Gadgets to help at the airport

By Gadget Guru Martin Bailey, author of The Useful Book of Gadgets, Gizmos & Apps

If you’ve ever been unfortunate enough to suffer a significant delay on a flight then you’ll relate fully to the various 21st century problems that it causes. A lack of information, crowds, security, boredom and an inability to stay connected can all take their toll. But fear not – technology can make the difference between the journey from hell and a bearable but productive delay.

Problem 1: Noise

Over a prolonged period noise can grind you down. If you are holed up in a packed terminal with the obligatory screaming baby, cackling hen party and overly-loud announcements then the Bose QC35 headset will do a great job of taking the edge off the hubbub. The latest over-ear models are both wired and wireless and provide at least 20 hours of fidelity. The noise cancelling is also second to none, and I speak from personal experience in saying that even if you generally cannot sleep in a noisy environment you’ll stand a much better chance with these babies caressing your ears.

Problem 2: Information

You can’t necessarily rely on the airport information boards. I’ve often been notified by the airline app or even by SMS before the overhead boards are updated, so it’s better to get information from a variety of sources than relying on just one. There are many apps that provide flight information, with Kayak being one of the leaders. Available for iOS and Android it’ll allow you to enter either flight details or the airline and airport to show the flight status of all relevant flights, quickly displaying live status information. You can also book flights, cars or hotels through the app. I’d recommend installing the official app for the airline that you’re travelling with, as they will also often supply live updates.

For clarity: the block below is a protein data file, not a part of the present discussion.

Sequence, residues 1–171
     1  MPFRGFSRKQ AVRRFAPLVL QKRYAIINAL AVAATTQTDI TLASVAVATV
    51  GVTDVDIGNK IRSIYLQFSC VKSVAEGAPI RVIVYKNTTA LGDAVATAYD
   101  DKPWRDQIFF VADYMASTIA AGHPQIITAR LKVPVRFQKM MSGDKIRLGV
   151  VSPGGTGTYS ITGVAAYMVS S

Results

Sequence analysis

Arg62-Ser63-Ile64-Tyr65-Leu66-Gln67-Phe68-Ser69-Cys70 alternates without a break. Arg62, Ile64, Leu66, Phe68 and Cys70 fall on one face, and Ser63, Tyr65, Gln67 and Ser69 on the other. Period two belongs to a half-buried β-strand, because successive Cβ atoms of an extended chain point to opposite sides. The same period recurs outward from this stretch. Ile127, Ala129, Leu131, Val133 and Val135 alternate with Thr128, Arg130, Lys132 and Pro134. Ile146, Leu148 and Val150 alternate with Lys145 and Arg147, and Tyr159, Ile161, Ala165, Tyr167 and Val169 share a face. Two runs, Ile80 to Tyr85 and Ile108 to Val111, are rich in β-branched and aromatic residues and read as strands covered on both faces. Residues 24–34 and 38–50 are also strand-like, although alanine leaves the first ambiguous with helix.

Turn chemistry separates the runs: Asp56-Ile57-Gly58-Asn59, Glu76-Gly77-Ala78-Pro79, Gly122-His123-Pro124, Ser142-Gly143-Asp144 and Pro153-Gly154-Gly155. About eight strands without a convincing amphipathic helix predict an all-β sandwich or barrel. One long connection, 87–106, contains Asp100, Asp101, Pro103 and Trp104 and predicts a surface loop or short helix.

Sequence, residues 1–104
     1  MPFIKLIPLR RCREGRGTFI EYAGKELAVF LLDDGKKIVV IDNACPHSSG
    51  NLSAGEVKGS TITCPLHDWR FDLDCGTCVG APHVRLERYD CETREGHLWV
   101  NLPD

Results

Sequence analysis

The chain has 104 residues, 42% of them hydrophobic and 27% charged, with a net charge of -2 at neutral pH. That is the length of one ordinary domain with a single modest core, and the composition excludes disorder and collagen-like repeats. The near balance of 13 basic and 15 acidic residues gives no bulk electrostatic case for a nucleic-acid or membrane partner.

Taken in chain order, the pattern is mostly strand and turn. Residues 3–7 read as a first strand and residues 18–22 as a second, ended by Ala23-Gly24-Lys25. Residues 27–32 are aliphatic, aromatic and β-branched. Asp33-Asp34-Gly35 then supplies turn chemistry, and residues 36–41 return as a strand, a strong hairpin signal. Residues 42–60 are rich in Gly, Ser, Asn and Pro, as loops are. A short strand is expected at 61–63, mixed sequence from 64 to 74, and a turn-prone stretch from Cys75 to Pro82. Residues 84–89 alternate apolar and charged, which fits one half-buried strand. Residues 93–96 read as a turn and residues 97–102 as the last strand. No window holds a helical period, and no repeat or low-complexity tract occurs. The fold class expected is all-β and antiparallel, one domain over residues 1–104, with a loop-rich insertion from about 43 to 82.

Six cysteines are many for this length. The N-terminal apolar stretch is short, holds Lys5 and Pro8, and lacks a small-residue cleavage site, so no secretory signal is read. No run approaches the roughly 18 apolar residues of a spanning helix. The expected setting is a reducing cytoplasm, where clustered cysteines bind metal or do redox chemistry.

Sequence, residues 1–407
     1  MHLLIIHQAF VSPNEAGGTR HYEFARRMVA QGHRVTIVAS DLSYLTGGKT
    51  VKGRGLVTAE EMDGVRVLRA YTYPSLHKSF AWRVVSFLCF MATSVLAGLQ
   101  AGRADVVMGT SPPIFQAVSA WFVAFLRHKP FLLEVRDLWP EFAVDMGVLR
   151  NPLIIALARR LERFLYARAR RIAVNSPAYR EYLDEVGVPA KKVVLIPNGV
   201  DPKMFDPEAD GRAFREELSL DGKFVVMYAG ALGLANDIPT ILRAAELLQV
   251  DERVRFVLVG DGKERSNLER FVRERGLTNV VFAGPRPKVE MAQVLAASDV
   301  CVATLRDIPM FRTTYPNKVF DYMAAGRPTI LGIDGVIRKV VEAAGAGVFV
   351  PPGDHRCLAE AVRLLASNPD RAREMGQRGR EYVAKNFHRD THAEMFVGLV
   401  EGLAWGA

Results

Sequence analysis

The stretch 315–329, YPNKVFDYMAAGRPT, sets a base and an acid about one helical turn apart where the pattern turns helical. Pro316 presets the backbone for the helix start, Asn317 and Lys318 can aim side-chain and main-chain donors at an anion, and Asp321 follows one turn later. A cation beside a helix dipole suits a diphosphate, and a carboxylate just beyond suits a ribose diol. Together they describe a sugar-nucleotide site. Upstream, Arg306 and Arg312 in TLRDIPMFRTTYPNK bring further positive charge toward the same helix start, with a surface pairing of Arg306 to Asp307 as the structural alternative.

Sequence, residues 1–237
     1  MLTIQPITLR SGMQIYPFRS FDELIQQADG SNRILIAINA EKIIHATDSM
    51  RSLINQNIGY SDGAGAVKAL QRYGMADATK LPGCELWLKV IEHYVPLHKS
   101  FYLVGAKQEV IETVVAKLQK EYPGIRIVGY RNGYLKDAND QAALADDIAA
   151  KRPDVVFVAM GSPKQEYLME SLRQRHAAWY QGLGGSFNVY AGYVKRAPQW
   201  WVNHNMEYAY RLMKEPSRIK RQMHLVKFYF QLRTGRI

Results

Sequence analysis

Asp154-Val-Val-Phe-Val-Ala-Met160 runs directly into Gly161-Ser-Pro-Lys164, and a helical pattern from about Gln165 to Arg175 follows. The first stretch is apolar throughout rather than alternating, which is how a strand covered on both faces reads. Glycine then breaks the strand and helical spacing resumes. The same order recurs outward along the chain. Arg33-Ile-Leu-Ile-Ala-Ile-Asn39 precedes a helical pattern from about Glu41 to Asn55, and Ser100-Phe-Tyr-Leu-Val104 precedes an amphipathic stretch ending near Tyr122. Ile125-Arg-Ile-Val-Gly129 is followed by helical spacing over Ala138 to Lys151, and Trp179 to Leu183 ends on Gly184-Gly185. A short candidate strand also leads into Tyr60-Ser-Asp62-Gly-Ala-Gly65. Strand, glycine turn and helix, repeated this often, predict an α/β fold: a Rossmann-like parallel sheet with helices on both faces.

You cannot beat Twitter for its immediacy, so either check the airline’s official Twitter profile for any updates or search for tweets on the flight number itself. It’s also a great vehicle for you to vent your frustration when the airline is not forthcoming with updates. Don’t forget to reference the flight number, and get any other like-minded passengers to re-tweet your rantings for added satisfaction!

Problem 3: Connectivity

Older airports often suffer a lack of power options, with Internet connectivity also proving problematic. You’ll often see the ‘wall huggers’ hunting for the rarity that is a free power socket. If you get stuck outside of your home country you also have potentially steep roaming charges to contend with as well. Tackling the power problem first, always travel with a sizeable battery pack – 20,000mAh or greater should keep both a phone and a tablet topped up for a couple of full charges at least, and these are available for around £25 from all major electrical outlets. To get online, first check whether your airport has free or paid-for Wi-Fi at a reasonable cost. If not, consider installing the Skype Wi-Fi app, which will charge you based on time online but will generally work out cheaper than roaming. Alternatively you can create a Wi-Fi hotspot using a product such as the MiFi (available from most telecom providers) and then purchase a local SIM card to provide the data for it.

Problem 4: Security